e.  Child welfare attorneys and district workers must become familiar with Article VIII of the Compact, entitled “Limitations”, and understand that as long as no court has jurisdiction over a child, that child may be sent or brought into a state by certain identified relatives, and the Compact will not apply to such actions.

 

13.  Requests for Social Services Involving Puerto Rico, Guam and Foreign Countries.

 

a.  Puerto Rico and Guam are United States Territories, but their respective governments have not adopted the Interstate Compact on the Placement of Children.  Therefore, Florida courts have no jurisdiction under the Compact to place children into Puerto Rico and Guam, and social service workers in those two territories have no legal authority to represent Florida in providing social services on behalf of Florida’s dependent children.  Since the Compact does not apply to placements into these two territories, there does not appear to be any legal prohibition against a child being placed there, except as noted above.  If a placement of a Florida dependent child with a parent or relative in Puerto Rico or Guam is desired, the central office can assist districts in obtaining home studies or post-placement supervision.  It  is important, however, to inform the court that if a child placement is made into one of these territories, the parent or relative with whom the child is placed has no legal obligation to cooperate with the court or the department, and that the court has no legal jurisdiction in these territories under the Compact.

 

b.  Foreign countries are not part of the Compact.  Therefore, Florida courts have no jurisdiction under the Compact to place children into foreign countries, and social service workers in foreign countries have no legal authority to represent Florida in providing social services on behalf of Florida’s dependent children.  Since the Compact does not apply to placements into foreign countries, there does not appear to be any legal prohibition against a child being placed into a foreign country, except as noted above.  In an effort to provide a resource for home studies, diligent searches or post-placement supervision in foreign countries that are deemed necessary by a Florida court or Family Safety and Preservation staff, the Family Safety and Preservation central office maintains a sole source contract with International Social Service/American Branch, Inc. All requests for International Social Service/American Branch contracted services must go through the central compact office.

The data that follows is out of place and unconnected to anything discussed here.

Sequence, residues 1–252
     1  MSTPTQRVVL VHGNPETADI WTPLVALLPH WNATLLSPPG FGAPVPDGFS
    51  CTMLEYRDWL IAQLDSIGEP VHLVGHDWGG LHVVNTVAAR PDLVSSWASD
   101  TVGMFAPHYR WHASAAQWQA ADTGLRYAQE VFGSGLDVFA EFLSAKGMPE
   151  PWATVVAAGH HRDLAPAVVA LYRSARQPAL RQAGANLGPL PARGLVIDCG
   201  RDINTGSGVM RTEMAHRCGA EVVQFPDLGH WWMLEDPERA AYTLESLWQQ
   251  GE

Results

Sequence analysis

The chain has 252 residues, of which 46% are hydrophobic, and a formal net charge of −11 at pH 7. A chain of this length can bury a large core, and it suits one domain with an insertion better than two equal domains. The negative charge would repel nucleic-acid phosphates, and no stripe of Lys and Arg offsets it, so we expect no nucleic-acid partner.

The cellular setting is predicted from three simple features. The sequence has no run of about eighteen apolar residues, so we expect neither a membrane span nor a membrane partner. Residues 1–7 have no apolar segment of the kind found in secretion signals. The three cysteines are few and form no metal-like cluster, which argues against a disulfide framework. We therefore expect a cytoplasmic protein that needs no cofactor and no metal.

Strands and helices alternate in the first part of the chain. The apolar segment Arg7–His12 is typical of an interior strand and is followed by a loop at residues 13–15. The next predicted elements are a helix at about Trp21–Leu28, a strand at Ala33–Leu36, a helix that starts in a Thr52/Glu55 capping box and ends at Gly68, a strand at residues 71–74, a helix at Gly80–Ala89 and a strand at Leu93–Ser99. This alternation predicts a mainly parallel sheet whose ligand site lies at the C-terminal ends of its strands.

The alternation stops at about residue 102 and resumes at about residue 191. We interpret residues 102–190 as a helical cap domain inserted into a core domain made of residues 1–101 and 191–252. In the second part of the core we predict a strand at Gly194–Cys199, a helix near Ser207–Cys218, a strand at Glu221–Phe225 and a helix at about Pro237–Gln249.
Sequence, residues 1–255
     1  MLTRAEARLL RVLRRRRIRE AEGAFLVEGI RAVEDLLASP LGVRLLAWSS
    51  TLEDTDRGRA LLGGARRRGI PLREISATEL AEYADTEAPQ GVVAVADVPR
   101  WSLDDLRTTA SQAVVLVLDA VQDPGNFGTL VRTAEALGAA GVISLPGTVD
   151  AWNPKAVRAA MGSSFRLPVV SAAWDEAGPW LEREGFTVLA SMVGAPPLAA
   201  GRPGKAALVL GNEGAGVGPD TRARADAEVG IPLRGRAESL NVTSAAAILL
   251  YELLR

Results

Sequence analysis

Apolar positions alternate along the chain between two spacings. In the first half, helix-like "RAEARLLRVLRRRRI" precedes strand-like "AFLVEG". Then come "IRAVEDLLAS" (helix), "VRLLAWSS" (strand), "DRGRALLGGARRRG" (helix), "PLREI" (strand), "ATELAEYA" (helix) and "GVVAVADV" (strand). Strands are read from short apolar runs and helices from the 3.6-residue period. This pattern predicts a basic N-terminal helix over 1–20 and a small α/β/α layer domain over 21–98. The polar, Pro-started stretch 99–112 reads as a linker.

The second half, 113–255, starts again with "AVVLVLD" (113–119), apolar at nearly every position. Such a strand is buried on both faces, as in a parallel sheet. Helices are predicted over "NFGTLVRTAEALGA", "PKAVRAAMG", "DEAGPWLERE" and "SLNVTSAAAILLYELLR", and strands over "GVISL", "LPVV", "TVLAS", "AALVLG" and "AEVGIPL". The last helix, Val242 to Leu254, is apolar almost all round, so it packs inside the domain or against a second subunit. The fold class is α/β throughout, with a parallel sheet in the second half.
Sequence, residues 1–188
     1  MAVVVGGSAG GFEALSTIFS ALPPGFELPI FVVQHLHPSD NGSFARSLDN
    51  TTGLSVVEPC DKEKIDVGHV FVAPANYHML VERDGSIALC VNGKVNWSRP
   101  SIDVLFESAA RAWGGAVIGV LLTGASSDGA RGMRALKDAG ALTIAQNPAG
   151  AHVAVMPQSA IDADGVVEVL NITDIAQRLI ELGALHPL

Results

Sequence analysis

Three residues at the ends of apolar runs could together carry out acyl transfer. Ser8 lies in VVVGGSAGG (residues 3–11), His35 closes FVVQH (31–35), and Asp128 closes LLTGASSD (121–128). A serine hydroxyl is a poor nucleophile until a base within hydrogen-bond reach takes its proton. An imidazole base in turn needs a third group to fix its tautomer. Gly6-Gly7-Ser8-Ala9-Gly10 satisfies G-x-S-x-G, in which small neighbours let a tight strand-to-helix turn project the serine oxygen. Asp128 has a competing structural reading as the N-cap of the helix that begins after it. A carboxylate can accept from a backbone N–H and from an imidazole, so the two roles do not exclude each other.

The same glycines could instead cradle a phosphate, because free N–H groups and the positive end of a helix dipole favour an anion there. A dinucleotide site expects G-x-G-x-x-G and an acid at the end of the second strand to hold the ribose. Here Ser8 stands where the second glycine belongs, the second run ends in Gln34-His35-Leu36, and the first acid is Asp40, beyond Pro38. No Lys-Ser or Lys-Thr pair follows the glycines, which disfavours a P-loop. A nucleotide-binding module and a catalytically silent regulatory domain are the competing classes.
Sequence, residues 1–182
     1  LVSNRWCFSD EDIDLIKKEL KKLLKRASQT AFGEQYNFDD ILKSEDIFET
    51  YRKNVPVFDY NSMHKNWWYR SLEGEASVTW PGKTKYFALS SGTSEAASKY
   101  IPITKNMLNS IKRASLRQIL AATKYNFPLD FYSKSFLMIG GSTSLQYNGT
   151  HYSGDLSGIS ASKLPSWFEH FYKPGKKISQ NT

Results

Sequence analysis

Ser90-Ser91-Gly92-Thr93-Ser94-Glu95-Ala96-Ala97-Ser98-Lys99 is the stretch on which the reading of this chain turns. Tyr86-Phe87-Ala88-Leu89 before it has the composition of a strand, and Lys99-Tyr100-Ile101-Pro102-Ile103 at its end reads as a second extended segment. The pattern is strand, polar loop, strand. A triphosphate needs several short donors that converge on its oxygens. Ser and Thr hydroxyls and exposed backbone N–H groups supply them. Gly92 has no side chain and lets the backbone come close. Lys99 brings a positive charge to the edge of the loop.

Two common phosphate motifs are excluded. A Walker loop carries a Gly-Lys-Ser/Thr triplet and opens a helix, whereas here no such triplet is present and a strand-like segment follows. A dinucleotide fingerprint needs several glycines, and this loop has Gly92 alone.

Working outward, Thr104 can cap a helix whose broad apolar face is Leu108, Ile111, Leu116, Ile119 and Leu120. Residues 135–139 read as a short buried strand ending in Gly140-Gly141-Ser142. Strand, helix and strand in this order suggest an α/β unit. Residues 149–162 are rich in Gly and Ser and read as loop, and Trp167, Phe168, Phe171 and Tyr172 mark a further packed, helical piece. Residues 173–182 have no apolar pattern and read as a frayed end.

c.  All requests for home studies and/or post-placement supervision in a foreign country must be addressed to the central compact office.  A detailed cover letter, which explains what services are being requested, and provides the name, address and phone number of the resource and the district worker, is required.  While a 100A Form is not needed, the information on the form is needed and should be incorporated into the cover letter.  Copies of a birth certificate, passport, ‘green card’, medical report and any other form of documentation about the child and the resource is needed, along with a social assessment or Predisposition Study of the child and a copy of a court order.  Two complete packets, including the cover letter, correspondence and supporting documents, are needed for each resource (person to be studied).  If there are any questions, please call the central compact office.

 

d.  Questions concerning requests for home studies or post-placement supervision involving Puerto Rico and Guam must be directed to the central office, which will provide the name of a private licensed vendor who is experienced in performing home studies and supervision.  The requesting district  will have to negotiate a fee for these services.

 

14.  Final Report of the Joint Committee on ICPC Improvement.

 

a.  One of the primary goals of the ‘Joint Committee on ICPC Improvement’ was to provide an atmosphere and an incentive for all states to attempt to improve the turn-around time on all Compact cases thereby reducing the need for ‘priority placement court orders’ to a minimum.  The Compact process cannot treat every case as a priority, and there is genuine concern as to what impact the implementation of Compact Regulation #7 will have on the so called ‘normal’ Compact cases.  Of equal importance, however, was the realization that the old system was not working well, and that it was fraught with delays which had negative consequences on the children that it was set up to serve.